Aside from Zhora’s comment, the Ukrainian government has remained tight-lipped about the attack. However, satellite communications, also known as SATCOM, appear to be frequently used in the country. Ukraine has the world’s most transparent system for tracking government spending, and multiple government contracts show that the SSSCIP and police have purchased the technology. For instance, during Ukraine’s 2012 elections, more than 12,000 satellite internet connection points were used to monitor voting, official documents spotted by European cybersecurity firm SEKOIA.IO show.
“To disrupt satellite communications, most people—myself included—would look at the signal in space, because it’s exposed,” says Peter Lemme, an aviation specialist who also writes about satellite communications. “You can transmit signals toward the satellite that would effectively jam its ability to receive signals from legitimate modems.” Elon Musk has claimed that Starlink satellite systems he sent to Ukraine have faced jamming attacks.
However, the attack against Viasat may not have involved jamming. The attack against the network was a “deliberate, isolated, and external cyber event,” according to Viasat spokesperson Chris Phillips. The attack only impacted fixed broadband customers and didn’t cause disruption to airlines or Viasat’s US government clients, the company says, and no customer data was impacted. However, people’s modems have not been able to connect to the network, and they have been “rendered unusable.”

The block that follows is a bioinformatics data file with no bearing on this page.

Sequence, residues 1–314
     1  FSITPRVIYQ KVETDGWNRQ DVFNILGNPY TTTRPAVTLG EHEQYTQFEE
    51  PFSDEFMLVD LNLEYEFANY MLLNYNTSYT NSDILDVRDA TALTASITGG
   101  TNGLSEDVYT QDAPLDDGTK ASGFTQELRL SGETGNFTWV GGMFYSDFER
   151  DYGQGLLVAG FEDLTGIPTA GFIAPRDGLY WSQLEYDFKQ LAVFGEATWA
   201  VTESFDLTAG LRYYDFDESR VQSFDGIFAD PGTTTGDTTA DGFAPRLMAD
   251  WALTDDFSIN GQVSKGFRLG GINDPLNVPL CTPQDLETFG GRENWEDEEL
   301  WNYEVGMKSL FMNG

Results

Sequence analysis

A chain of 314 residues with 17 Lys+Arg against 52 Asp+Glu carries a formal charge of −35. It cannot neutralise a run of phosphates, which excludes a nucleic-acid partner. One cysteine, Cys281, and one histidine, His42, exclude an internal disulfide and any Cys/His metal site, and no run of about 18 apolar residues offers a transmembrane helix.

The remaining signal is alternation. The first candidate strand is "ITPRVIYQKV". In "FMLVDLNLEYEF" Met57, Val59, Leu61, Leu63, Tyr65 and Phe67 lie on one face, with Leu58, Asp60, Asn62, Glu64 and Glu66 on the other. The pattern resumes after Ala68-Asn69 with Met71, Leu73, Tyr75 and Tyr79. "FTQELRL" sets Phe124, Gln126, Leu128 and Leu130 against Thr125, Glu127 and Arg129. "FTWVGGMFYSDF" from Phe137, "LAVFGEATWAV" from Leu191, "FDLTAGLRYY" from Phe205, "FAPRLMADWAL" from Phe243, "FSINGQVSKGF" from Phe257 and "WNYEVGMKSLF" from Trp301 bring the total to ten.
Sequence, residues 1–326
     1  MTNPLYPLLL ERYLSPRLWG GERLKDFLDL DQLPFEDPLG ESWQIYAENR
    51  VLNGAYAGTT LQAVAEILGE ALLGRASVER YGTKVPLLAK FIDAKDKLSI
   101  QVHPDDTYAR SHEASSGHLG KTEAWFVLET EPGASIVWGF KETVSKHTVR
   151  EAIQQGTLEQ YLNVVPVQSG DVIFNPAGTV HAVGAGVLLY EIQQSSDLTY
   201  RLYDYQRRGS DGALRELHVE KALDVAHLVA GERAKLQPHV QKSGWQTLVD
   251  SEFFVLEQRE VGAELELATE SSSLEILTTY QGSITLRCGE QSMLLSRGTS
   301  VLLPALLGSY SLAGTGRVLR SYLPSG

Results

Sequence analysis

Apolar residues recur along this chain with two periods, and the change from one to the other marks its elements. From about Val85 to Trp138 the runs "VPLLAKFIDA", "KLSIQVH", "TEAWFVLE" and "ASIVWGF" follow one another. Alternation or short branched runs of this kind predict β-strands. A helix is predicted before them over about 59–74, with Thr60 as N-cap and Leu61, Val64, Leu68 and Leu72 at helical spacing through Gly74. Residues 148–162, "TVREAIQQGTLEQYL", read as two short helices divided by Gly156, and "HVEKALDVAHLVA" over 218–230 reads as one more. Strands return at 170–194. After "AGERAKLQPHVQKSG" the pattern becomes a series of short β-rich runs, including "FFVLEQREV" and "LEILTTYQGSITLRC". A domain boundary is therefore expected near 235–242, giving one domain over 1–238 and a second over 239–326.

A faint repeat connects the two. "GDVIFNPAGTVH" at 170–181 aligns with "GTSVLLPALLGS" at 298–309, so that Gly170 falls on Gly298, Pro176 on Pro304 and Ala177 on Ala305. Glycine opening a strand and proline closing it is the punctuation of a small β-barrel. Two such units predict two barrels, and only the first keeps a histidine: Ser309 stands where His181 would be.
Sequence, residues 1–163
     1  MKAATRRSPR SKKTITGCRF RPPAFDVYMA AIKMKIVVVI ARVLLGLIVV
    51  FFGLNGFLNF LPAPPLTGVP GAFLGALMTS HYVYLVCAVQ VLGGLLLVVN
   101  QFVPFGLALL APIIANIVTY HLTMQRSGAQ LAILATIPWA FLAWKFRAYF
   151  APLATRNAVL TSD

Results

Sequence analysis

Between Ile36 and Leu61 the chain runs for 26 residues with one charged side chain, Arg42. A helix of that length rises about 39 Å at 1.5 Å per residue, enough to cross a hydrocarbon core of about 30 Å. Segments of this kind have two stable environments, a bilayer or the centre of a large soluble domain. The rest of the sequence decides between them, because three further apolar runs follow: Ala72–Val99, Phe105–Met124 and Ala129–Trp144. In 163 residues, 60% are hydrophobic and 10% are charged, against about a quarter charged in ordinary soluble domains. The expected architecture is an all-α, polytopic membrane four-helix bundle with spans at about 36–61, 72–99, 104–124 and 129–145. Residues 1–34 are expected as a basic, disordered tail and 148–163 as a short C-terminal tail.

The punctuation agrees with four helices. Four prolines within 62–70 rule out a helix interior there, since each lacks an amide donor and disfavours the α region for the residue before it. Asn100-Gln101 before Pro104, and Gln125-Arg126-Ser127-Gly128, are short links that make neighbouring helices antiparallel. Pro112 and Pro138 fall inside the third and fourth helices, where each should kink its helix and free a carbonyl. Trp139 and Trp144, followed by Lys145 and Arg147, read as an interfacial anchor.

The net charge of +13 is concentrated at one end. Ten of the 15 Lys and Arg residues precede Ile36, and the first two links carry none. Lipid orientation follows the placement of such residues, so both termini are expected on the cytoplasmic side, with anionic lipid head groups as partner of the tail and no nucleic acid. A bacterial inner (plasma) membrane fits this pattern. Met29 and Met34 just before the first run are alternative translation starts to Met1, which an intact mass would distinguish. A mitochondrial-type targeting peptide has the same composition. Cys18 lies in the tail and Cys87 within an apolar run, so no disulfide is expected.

On Tuesday, Viasat chair Mark Dankberg told a satellite conference that the company purchased the KA-SAT in Europe last year, and its customer base is still being operated by a third party as part of the transition. “We believe for this particular event it was preventable, but we didn’t have that capability in that case,” Dankberg said, confirming that thousands of modems were taken offline. “In most of the cases of the modems that went offline, they need to be replaced. They can be refurbished, so we’re recycling modems through,” Dankberg said.
“There is no evidence to date of any impairment to the KA-SAT satellite, core network infrastructure, or gateways due to this incident,” Phillips says in a statement. Instead Viasat says the cyberattack was the result of a misconfiguration in a “management section” of its network, as first reported by Reuters. The company declined to provide any more details on the technical nature of the incident, citing ongoing investigations. Viasat says it is now focusing on recovering from the partial outage.
No government has officially attributed the attack to Russia, despite speculation it may have caused the attack to disrupt communications in Ukraine. Dankberg told CNBC on Monday that he couldn’t confirm whether Russia was behind the attack, and that governments would be the source of such attribution. It is rare for governments to quickly attribute cyberattacks to a country or actor, as investigations are complex and take time to complete.
However, Western officials say the attack would be in keeping with Russia’s playbook. “Were it to be attributed ultimately to Russia, it would very much fit within what we would expect them to do, which is to use their cyber capabilities to ultimately support their military campaign,” Western officials told reporters during an on-background briefing last week. The US National Security Agency (NSA), and ANSSI, France’s cybersecurity agency, are investigating the hack. The US Federal Bureau of Investigation has issued an advisory with the US Cybersecurity and Infrastructure Security Agency (CISA) that warns of SATCOM hacks. “CISA remains concerned about the threat to US and allies’ satellite communications networks,” Eric Goldstein, CISA’s executive assistant director for cybersecurity, said in a statement.